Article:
This reflects my own experience as a Christian “professional.” I am a seminary-educated, trained, ordained Presbyterian “minister.” When I was in parish ministry, many people deferred to me because I was “the pro.” In some ways I was happy to play this role. I liked being “the minister.” I enjoyed being appreciated. And I was happy to be the recipient of people’s deference.
But, a church’s professionalism can inhibit believers from getting involved in ministry, and therefore from exercising spiritual gifts. If churches pay the “experts” to do ministry, and if these professionals do it with flair, how can we expect “normal” Christians to get involved?
Many faithful churchgoing folk remind me of myself during my first few games of little league. I wasn’t an especially talented player, so I quickly found myself warming the bench. Soon I just didn’t expect to play and my expectations usually were fulfilled. One night I took my usual spot on the bench. Before too long, the darkness of the dugout and the lateness of the hour lured me to sleep. Toward the end of the game as I was snoozing away, I heard my name being called as if in a dream: “Mark! Mark!” As I began to stir, I realized that I wasn’t dreaming. The coach was calling me. I was being put into the game as a pinch-hitter. It would b my first official appearance in little league! But sleepiness didn’t help my batting much. Three quick strikes later, I returned to my spot in the dugout, mortified with shame and swearing that I would again never be unprepared to play.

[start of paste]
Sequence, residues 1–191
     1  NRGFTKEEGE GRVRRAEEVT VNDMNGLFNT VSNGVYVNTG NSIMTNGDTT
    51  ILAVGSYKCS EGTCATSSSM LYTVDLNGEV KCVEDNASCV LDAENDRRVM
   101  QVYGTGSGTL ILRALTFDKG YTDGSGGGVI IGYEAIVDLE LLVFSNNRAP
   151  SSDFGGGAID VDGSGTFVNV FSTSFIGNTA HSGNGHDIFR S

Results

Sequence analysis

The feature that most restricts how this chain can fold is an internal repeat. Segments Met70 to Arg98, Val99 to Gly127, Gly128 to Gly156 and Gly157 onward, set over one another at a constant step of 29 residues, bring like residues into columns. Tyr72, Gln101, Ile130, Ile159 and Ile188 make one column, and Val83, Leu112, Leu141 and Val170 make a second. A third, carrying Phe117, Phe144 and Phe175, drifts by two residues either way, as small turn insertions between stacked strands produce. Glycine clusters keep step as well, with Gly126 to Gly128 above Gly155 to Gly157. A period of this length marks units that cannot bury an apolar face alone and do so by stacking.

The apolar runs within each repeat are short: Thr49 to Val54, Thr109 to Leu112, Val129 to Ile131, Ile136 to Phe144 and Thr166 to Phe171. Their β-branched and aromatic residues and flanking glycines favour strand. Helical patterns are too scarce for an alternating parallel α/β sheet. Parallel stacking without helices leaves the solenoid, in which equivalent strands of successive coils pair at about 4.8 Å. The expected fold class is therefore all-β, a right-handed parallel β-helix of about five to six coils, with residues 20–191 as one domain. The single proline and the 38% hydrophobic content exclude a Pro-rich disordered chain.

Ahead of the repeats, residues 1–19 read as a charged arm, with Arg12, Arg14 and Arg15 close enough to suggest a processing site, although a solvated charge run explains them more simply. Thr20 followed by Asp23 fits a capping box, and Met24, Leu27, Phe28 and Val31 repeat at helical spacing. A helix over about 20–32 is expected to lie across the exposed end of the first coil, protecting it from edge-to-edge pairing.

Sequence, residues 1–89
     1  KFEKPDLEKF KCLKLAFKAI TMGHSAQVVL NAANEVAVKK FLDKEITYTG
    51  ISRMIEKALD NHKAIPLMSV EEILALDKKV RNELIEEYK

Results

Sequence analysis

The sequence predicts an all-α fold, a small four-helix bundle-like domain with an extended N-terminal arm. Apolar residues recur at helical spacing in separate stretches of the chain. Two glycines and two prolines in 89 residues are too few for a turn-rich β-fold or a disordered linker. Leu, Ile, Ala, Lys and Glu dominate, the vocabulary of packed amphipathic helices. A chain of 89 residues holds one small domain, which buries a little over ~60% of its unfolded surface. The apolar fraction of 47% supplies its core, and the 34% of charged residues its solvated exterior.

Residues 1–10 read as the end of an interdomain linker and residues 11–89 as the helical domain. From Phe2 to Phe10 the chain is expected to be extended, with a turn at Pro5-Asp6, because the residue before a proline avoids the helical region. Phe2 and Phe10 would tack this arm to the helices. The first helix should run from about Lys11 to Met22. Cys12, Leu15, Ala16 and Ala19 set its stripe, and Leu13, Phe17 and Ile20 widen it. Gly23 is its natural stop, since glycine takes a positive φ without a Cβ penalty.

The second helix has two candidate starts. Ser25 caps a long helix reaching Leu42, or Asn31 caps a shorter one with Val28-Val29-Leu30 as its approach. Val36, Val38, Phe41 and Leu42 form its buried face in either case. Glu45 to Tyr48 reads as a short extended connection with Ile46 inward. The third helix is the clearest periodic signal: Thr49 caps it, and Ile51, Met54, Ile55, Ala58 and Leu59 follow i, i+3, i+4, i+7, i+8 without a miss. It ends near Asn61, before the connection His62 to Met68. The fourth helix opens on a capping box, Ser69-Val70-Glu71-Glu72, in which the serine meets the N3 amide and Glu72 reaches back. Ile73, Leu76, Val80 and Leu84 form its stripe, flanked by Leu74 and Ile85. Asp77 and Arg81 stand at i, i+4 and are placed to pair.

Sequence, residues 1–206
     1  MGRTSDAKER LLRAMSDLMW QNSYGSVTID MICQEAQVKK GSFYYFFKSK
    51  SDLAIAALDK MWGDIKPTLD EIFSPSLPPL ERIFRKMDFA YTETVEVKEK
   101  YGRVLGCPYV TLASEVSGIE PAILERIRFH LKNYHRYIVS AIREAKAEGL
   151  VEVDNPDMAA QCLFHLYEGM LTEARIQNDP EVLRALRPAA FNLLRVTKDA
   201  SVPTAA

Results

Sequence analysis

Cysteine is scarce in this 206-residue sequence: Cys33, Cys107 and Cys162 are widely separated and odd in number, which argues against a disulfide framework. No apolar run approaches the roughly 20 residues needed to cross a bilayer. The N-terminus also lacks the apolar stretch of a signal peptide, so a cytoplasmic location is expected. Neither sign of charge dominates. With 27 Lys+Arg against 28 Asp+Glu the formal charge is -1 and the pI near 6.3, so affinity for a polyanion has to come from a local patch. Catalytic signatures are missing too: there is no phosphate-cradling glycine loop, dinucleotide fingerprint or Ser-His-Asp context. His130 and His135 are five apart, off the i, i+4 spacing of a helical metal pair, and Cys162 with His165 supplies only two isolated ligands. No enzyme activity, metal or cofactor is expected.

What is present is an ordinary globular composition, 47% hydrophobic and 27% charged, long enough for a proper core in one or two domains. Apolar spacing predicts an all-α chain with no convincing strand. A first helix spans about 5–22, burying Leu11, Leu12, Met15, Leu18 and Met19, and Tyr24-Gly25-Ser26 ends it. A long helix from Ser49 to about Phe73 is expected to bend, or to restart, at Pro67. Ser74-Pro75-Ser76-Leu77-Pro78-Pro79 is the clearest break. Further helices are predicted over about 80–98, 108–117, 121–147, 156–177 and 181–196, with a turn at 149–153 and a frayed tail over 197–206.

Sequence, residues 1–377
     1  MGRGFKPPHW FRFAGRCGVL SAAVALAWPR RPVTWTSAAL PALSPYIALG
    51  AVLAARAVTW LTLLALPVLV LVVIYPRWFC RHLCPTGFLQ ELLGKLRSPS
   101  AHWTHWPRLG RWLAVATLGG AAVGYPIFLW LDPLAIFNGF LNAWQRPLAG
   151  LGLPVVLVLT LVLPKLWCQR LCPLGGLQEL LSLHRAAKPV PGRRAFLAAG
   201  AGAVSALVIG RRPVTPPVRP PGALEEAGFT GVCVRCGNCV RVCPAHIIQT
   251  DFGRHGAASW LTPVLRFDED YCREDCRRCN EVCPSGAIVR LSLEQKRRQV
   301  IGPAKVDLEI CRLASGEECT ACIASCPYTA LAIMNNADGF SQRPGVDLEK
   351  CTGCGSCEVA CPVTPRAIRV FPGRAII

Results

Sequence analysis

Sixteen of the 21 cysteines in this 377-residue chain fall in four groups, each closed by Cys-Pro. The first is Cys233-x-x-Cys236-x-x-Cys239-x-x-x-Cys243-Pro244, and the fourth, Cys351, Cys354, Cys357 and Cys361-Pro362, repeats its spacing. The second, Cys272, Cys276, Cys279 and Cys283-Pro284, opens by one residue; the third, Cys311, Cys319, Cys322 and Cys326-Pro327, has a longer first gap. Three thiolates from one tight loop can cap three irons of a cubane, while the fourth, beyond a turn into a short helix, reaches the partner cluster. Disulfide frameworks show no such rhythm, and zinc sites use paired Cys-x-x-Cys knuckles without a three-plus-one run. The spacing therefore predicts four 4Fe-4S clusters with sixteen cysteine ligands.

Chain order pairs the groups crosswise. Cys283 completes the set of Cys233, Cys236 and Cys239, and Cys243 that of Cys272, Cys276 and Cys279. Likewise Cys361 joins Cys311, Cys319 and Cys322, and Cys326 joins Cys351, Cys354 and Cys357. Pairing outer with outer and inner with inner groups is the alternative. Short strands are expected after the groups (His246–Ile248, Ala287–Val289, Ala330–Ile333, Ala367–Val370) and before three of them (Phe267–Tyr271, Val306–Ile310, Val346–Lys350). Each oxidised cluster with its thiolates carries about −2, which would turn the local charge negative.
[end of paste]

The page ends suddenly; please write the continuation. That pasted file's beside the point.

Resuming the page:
If you are not expecting to get into the game, you will probably not be ready when the Holy Spirit calls you up to bat. So let me give you advance warning. God has not put you on his team so that you can warm the bench and watch the pros play. He has called you into the game. He will empower you to play with effectiveness. But first you have to get off the bench. You need to commit yourself to a ministry or to a fellowship in which you will be free to minister. As you become more accustomed to functioning in spiritual gifts, you will realize that the Holy Spirit wants to use you, not just in official church gatherings, but in all times and all places.

  • Tom

    “Clericalism is the idea that certain people, the clergy, are specially gifted and empowered to do ministry.”
    The Catholic Church has never taught that all ministry is proper to priests only. However, She has always taught, as Scripture attests (1 Tim 4:14, 1 Tim 5:22, 2 Tim 1:6, Heb. 6:2, Acts 6:5-6, Acts 8:14-20, Acts 13:1-3, Acts 19:1-7), that certain gifts were conferred on the apostles alone, and that these gifts remain only with those men who have received it from them and their successors through the laying on of hands.
    To give one example, only some men have been given the power to forgive sins (John 20:21-23).

  • David Ormand

    I might point out that this argument about clericalism and professional ministers has been made by Frank Viola in his Pagan Christianity book. Highly recommended!

  • Tom

    Meh. After reading the reviews and the sample chapter on the website I have to say I’m not very impressed.
    But I haven’t read all of ‘Pagan Christianity.’
    What am I missing? Why is it not true that only certain men have been given the authority to forgive sins?